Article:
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For the last three years our family has raised 4H hogs for the county fair. What started out as a child activity has quickly become a much-anticipated family tradition. We are suburbanites who’ve graduated from bunny to barnyard, and we are a healthier, happier family for it. My friends tease me about my fake ranch lifestyle, but there are amazing reasons why we enthusiastically animal hoard. I’m taking a few minutes in the middle of fair week to share just a few reasons why I love 4H living. Here’s what being a pig mom has taught me about raising happy kids.



You’re gonna get dirty

Nothing reeks like pig poop. Literally nothing. A pin drops worth pollutes a room in 3.2 seconds and sends me hysterically sniffing shoes and jackets while barking threats. But honestly, if we’re tackling life there are times we’re going to be covered with it and so is our leather camel car interior. Life isn’t all about lemon verbena. Active kids bring stink.



Rules matter and so does hard work

In 4H kids do the work. If parents help, the club loses competition points. This is perhaps the most astounding invention known to parenthood. The first day of pen cleaning my kids pathetically pleaded for instruction, awkwardly fondling and falling over their push brooms like stoned spider monkeys. But it turns out that they figured it out without me. I shrugged, they struggled. Once they found their rhythm they lit up with accomplishment and were going steady with that broom by nightfall. Do I hear a motion for a 4H charter in your kitchen?



Mom, let the toddlers pet the pig. Hands wash.

I know it’s totally gross to see your Precious dripping in pig spit, but nurturing an animal teaches everything we need to know about love and protect. That giggling glee when your sticky stumbler gets to spray the pig with water (especially on THE BUTT) and then caresses his stinky hide lovingly, that’s parenting 101 at its finest. That’s what we did for them. Nurturing is a drug. Let them have a hit.



Hard work deserves recognition but only the hardest worker gets first place (and who you know makes a difference)

In the pig group there are three BIG days. There is the competition for the best market hog, the competition for the best showmanship, and there is auction day. These are sandwiched between the squealing delight of move-in day and the tearful goodbye of move-out day. Like many things in life, fair week is made up of important events between hours of waiting. But the one thing the events have in common? The kids who are there first thing in the morning mucking pens and working with their animals are also the ones who get the ribbons and the big money award at auction. There is one caveat, however. Kids who hand wrote an impressive buyer letter and those who are well known to the community pick up the extra spoils. Watching the way hard work and networking works prepares kids for their lives ahead. It doesn’t always happen fairly, but good preparation makes a huge difference.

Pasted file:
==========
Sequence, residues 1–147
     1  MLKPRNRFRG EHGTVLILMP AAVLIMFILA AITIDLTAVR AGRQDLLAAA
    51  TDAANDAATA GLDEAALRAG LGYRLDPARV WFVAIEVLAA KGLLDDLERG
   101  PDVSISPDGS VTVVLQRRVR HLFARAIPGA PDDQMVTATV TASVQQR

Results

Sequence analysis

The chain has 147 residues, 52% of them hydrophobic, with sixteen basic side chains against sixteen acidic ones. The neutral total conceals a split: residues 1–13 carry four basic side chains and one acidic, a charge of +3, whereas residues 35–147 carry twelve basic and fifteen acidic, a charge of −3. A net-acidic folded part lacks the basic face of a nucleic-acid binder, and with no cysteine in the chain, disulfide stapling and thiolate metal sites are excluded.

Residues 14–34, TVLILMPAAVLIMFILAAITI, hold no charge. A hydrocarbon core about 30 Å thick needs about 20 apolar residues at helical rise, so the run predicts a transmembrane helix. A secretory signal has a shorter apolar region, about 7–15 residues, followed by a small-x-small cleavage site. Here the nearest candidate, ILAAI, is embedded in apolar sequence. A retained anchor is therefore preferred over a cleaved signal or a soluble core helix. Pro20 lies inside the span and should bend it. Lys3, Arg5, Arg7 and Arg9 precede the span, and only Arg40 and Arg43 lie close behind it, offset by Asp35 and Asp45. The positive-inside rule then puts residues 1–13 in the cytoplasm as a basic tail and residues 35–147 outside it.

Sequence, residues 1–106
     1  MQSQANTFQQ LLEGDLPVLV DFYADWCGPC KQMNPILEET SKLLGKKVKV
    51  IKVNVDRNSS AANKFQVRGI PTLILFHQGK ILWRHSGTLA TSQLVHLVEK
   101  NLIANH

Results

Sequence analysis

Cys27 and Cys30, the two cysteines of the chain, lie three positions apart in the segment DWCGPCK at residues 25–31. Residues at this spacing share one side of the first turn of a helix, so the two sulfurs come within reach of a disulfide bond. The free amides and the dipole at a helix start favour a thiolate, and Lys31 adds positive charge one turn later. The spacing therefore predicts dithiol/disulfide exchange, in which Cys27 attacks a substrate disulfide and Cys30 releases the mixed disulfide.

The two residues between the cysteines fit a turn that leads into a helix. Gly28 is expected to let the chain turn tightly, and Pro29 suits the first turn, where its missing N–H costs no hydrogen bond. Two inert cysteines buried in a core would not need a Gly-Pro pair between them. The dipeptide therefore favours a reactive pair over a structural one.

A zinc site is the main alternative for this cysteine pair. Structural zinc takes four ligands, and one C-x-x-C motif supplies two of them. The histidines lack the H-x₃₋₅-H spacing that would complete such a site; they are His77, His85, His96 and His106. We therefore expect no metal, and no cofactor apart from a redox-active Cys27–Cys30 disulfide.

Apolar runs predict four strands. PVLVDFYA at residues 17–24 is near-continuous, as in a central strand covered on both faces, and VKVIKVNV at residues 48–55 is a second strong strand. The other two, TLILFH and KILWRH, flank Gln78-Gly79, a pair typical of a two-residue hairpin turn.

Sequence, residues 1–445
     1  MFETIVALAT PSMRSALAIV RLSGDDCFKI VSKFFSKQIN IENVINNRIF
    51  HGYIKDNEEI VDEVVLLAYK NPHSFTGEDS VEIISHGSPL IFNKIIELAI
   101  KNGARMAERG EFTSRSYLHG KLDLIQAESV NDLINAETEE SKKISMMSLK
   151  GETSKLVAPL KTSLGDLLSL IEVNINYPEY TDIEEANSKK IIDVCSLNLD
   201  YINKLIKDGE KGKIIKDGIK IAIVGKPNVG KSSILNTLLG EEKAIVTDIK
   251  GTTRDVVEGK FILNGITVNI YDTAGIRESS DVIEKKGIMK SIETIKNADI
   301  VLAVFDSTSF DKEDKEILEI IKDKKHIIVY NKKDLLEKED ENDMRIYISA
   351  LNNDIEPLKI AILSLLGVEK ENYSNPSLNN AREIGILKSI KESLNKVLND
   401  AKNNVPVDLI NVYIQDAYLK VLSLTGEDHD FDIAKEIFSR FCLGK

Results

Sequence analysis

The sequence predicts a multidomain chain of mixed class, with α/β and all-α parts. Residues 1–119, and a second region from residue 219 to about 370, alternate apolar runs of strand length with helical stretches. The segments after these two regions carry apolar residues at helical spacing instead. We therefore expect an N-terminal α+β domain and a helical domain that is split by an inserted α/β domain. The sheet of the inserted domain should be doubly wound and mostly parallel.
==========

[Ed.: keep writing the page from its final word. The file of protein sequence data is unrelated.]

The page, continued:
We are stronger as a tribe and fun matters

In 4H clubs form based on community. Older kids mentor little kids and seniors help novices. During competition we stick with our tribe, cheering each other and sharing resources. But when push comes to shove, we all work side-by-side and make good care of the kids and animals our highest priority. Judges place high value on intensity and fun. 4H does not tolerate meanness.



Gender is irrelevant. Get tough and get dirty.

There is no gender discrimination at fair. My scrappy thirteen year-old daughter muscles in and makes it happen indistinguishable from the boys. Everybody throws in ideas, holds office, and works hard. I’ve been raising kids for 21 years and this is one of the healthiest, non-discriminating activities I’ve ever taken part in. Wrestling pigs and showing steer is not for the meek. The confidence these kids gain is impressive and hard-earned.



Too much delicious gets old

It doesn’t seem possible but kids will beg for a home-cooked meal when it’s not readily available. This is a great argument about how restricting something may encourage desperate desire. A fifteen year old schooled me yesterday about letting my son have a pretzel for lunch after his donut at breakfast. “Mom! This is fair!” he said. I hung my head and surrendered. The next day my 11 year-old junk food junkie was begging for steamed vegetables. I lie, homemade chicken tacos, but still.